Is Liriano broken …. again?


PNC PARK – One of the worst things that could have happened (is happening?) for the Pirates in 2014 was for Francisco Liriano to revert to  his 2011-12, 2007-09 self. You know, the guy that lost velocity, walked too many batters, and posted three seasons of 5.00+ ERAs. We expected regression. We didn’t expect Liriano to repeat The Best Season Ever Against Left-Handed Hitters. The Pirates could afford some give back just not a lot of regression. So far in 2014, there’s been too much fallback.

Take a look at Liriano’s peripheral numbers & FIP:


k/9        bb/9      GB rates     HR/FB       FIP

9.11       3.52       50.5             8.3               2.92


8.84      4.06       46.7            14.8            3.98



The Pirates can’t afford for Liriano to pitch like this Liriano from late in 2012 who was banished to the U.S. Cellular Field bullpen


The peripherals, taken individually, don’t represent dramatic steps backward but the problem is he’s regressed slightly in every area a pitcher has control over: He’s striking out fewer batters, he’s walking more. He’s allowing more flyballs and more of those flyballs have gone for home runs. It all adds up to a significantly worse FIP (and ERA).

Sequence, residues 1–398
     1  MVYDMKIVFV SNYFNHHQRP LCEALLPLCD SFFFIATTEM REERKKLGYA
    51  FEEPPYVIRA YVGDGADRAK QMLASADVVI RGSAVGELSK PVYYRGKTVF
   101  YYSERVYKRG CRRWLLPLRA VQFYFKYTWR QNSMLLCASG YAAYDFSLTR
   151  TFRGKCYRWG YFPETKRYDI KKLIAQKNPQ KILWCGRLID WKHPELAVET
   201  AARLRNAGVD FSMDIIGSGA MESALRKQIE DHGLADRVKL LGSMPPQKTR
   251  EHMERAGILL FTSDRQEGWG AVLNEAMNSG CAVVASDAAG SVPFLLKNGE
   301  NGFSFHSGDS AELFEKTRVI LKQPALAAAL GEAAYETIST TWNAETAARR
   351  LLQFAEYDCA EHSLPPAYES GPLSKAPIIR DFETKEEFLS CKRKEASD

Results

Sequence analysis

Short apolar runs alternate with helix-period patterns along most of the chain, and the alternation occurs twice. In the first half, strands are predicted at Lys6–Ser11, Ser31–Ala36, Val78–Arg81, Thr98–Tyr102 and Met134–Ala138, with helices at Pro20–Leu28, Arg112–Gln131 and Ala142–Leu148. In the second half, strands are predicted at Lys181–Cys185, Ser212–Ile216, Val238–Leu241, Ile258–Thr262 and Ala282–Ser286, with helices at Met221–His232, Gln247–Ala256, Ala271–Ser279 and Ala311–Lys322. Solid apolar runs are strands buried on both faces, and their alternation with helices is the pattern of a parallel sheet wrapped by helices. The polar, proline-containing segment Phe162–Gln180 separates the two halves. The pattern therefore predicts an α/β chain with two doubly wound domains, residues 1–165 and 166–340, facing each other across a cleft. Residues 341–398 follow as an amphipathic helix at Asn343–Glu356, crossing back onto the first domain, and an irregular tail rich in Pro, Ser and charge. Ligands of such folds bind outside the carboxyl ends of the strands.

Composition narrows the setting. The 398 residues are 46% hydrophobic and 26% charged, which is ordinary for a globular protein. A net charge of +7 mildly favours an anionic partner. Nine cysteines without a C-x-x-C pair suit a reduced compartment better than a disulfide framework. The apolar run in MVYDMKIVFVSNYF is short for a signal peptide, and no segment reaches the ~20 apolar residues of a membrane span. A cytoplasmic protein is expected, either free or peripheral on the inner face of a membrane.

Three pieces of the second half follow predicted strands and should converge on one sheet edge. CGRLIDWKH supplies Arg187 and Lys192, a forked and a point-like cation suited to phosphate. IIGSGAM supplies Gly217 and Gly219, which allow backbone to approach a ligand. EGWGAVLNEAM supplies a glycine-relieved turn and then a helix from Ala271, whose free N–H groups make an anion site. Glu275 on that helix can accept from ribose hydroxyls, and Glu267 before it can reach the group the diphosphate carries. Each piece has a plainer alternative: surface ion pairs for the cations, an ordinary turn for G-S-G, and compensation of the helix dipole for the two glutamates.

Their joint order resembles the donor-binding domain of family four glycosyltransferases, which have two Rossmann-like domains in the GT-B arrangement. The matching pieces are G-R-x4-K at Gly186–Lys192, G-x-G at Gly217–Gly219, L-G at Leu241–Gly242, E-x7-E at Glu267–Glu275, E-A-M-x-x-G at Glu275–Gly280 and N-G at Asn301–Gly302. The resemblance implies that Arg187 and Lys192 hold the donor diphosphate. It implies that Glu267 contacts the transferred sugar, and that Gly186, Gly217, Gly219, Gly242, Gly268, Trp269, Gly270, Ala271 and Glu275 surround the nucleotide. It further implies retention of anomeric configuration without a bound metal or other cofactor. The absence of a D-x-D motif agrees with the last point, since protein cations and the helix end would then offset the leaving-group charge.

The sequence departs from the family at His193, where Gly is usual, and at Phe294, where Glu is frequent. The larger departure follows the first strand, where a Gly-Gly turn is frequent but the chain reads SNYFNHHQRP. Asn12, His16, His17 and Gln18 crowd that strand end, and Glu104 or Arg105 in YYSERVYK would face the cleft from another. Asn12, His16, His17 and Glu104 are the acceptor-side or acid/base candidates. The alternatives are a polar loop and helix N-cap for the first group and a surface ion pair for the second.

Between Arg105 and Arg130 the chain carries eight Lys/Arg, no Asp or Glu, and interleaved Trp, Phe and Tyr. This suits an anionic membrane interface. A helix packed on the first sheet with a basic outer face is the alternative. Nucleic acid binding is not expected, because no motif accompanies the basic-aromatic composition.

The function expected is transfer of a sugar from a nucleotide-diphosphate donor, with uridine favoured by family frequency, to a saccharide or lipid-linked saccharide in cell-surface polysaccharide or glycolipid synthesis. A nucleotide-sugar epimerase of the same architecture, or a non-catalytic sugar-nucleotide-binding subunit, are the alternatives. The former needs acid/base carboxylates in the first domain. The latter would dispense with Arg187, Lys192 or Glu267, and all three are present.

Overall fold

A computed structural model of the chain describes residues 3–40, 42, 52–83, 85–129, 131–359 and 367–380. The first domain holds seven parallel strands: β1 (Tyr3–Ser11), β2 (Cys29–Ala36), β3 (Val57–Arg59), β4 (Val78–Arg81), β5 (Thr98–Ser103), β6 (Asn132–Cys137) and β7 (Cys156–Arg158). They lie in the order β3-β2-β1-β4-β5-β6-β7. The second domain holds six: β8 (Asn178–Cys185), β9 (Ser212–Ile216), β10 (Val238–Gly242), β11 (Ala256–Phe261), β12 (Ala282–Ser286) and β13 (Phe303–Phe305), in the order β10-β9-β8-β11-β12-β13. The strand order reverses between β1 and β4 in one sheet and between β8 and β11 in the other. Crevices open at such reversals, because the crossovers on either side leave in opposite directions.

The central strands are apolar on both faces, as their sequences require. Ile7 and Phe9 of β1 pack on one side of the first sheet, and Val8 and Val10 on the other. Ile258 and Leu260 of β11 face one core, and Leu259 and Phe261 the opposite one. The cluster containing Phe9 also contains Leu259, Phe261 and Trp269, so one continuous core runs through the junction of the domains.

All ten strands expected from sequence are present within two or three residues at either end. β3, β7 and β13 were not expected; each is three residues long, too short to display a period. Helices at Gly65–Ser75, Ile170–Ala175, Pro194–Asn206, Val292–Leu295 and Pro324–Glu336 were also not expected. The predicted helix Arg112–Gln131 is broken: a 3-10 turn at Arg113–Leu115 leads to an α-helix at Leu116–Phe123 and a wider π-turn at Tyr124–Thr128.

And perhaps this started last season. BucsDugout writer David Manel noted that Liriano’s ERA since Sept. 1 is 4.83.

A common thread throughout Liriano’s successes and failures has been velocity.

In the three seasons he’s posted 3+ Wins Above Replacement and been a dominant pitcher – 2006, 2010, 2013 – he’s had a fastball tat averaged at least 93 mph. In all his subpar seasons, excluding 2012, he’s had a fastball that averaged a reading below 92.0.

This season, Liriano’s fastball is averaging 91.7 mph. Again on Saturday, it was between 91-94 mph. Good, but not the 92-96 mph stuff we saw consistently last season.

Thus far this season, Liriano appears to have a little less stuff, a little less margin for error, leading to a decline performance across the board.

Now, the weather has been cool and Liriano did not begin pitching until May of last season. So perhaps the Pirates can hope for a velocity increase. If not their No. 1 pitcher from a year ago might be more like a No. 3 or No. 4 starter and that’s the biggest regression concern of any the club had entering the season.

– TS